Organic fruit and wine grape farming on the canyon country of the Colorado Plateau
First of all for those of you who do not know, WWOOF stands for Willing Workers on Organic Farms. 150 Acres of land in amazing red rock canyons in the juniper and pinion forest and canyonlands of the high desert on the Colorado Plateau. The year round creek bisects the property with a grove of cottonwoods. Almost 20 Anasazi sites are scattered around the property, with cliff ruins, petroglyphs and pictographs decorating the canyon walls. 21 acres of grape vines, hundreds of fruit and nut trees, and a prolific garden make up the main work to be done on the property. Having such low humidity we don’t have a lot of the major pest problems that lead vineyards to use organic pesticides, making them less sustainable. Instead we can deal with the few problems without resorting to using organic pesticides by using cover crops that promote pest predators, and doing a lot of hand weeding. Stay of length is up to you, ranging from a few weeks, to all summer. Working months are between March and October, the beginning and end of the frost free days. There is a cabin on the property built by the wwoofers using alot of reclaimed construction materials which sleeps 8. We also have two guest bedrooms in the main house, although if you prefer more privacy there is a trailer available on the property with solar panels if you are looking for a bit more solitude. The WWOOF farmers are expected to learn how to prune and take care of grape vines or fruit and nut trees. The plants always appreciate the extra attention.
I am a 27 year old graduate of UC Santa Cruz, who decided to turn our “ranch” into a viable organic farm and vineyard. We are completely on solar power, and we are installing a solar well so that our house water will be off the grid as well. If you are interested in the Anasazi, our canyon is a treasure trove of old ruins and remnants that you can see and discover up close. We would love to have more people come out and experience this amazing farm in this amazing area. After graduating from college I took over farming of the Montezuma Canyon Ranch full time in march of 2009. I decided to move expand the focus of the farm from apples, peaches, pears, and cherries into a wine grape vineyard.We have 21 acres of wine grapes planted (Chenin Blanc, Riesling, Chardonnay, Merlot, Pinot Noir). We also have 4 acres of mostly mature fruit and nut trees.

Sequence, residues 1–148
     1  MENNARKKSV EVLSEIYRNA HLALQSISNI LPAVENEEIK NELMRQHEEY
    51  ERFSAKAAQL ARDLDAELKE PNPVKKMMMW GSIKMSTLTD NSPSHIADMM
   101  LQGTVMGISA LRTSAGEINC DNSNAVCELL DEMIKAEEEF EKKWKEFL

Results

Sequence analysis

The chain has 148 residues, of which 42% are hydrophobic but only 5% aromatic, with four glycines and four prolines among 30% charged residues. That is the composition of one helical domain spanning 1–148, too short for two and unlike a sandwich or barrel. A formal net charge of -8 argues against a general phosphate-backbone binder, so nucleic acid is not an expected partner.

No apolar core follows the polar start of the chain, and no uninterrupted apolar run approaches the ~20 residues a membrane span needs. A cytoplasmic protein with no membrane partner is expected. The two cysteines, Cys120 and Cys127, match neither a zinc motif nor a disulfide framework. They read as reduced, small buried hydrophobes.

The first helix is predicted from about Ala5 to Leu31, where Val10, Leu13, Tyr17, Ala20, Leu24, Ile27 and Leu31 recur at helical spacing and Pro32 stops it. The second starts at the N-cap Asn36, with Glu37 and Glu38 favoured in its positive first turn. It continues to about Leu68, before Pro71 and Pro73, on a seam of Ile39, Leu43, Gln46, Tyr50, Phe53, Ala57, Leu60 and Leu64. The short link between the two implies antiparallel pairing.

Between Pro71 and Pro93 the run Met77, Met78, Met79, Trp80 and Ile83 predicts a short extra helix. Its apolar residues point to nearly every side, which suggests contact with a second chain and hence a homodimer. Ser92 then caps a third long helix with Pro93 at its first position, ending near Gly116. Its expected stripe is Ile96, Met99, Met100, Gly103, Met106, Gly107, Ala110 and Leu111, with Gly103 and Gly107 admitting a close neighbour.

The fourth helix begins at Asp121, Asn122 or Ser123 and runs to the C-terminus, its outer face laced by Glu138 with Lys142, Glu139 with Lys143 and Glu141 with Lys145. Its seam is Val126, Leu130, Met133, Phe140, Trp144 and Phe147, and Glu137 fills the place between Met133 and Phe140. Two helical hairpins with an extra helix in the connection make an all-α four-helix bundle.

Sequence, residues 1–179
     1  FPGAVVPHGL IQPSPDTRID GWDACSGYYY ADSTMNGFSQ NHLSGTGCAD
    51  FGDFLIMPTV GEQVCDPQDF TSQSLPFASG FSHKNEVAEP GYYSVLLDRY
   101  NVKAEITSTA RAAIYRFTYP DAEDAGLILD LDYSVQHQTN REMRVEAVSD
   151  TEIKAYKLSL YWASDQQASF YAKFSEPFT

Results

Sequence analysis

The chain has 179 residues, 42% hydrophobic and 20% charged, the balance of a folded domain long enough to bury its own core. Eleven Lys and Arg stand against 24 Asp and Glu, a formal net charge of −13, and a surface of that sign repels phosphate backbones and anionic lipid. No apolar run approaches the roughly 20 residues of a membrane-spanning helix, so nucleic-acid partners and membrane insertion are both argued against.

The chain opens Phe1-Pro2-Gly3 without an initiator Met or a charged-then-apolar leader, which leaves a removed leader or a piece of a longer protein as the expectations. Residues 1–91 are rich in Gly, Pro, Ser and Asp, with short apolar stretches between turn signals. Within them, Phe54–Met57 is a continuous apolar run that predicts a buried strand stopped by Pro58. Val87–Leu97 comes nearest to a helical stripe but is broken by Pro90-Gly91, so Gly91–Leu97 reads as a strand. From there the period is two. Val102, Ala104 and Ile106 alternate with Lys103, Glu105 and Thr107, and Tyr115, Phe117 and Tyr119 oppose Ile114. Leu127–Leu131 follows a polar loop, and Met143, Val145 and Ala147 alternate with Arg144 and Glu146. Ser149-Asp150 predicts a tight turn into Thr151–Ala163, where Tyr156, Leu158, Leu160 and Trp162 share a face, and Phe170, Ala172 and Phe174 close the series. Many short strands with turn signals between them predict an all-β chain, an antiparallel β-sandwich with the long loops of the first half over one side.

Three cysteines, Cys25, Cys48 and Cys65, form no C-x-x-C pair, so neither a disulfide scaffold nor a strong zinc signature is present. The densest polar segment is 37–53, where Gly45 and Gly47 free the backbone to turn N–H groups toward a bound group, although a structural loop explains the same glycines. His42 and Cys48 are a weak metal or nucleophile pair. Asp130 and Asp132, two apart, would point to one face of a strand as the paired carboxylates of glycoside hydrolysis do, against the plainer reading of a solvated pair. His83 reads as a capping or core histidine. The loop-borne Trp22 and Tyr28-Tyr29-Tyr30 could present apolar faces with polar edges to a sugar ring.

For prospective WWOOFers we have satellite internet, satellite tv, and phone service sometimes, but we are completely off the grid. We rely on solar for our power, pump our own water, compost, and haul our own trash/recycling. The project list for next summer includes building 6 more acres of grape trellising, topping and suckering the fruit orchard, building a new larger garden, training grape vines, and planting a new orchard. There should be lots of projects going on at once, so their should be a pretty good variety of jobs to do. There is always plenty of food so Wwoofers can raid the pantry, and there are three great meals a day. I can accommodate special diets. The work requirement is 30 hours a week, and there is a definite feel of accomplishment at the end of the day. We usually do something as a group on the weekends, but sometimes you want to get away and relax on your own. On weekends there is hiking, backpacking, climbing, mountain biking, and rafting (plenty of extra gear and equipment) or lounging around the ranch reading from the thousand book wwoofer library and book exchange. The wwoofers have canned hundreds of quarts of fruits and vegetables to make the harvest last year round. There is lots of time for cooking during the day, like handmade pasta and bread from scratch. As for getting here without a car there is a new cheap shuttle from SLC or Green River to Monticello which runs once a day. You can take the train or greyhound to both SLC or Green River, then catch the shuttle the rest of the way. Rideshare on craigslist.com or ksl.com work if you get lucky. Hope you come out this season.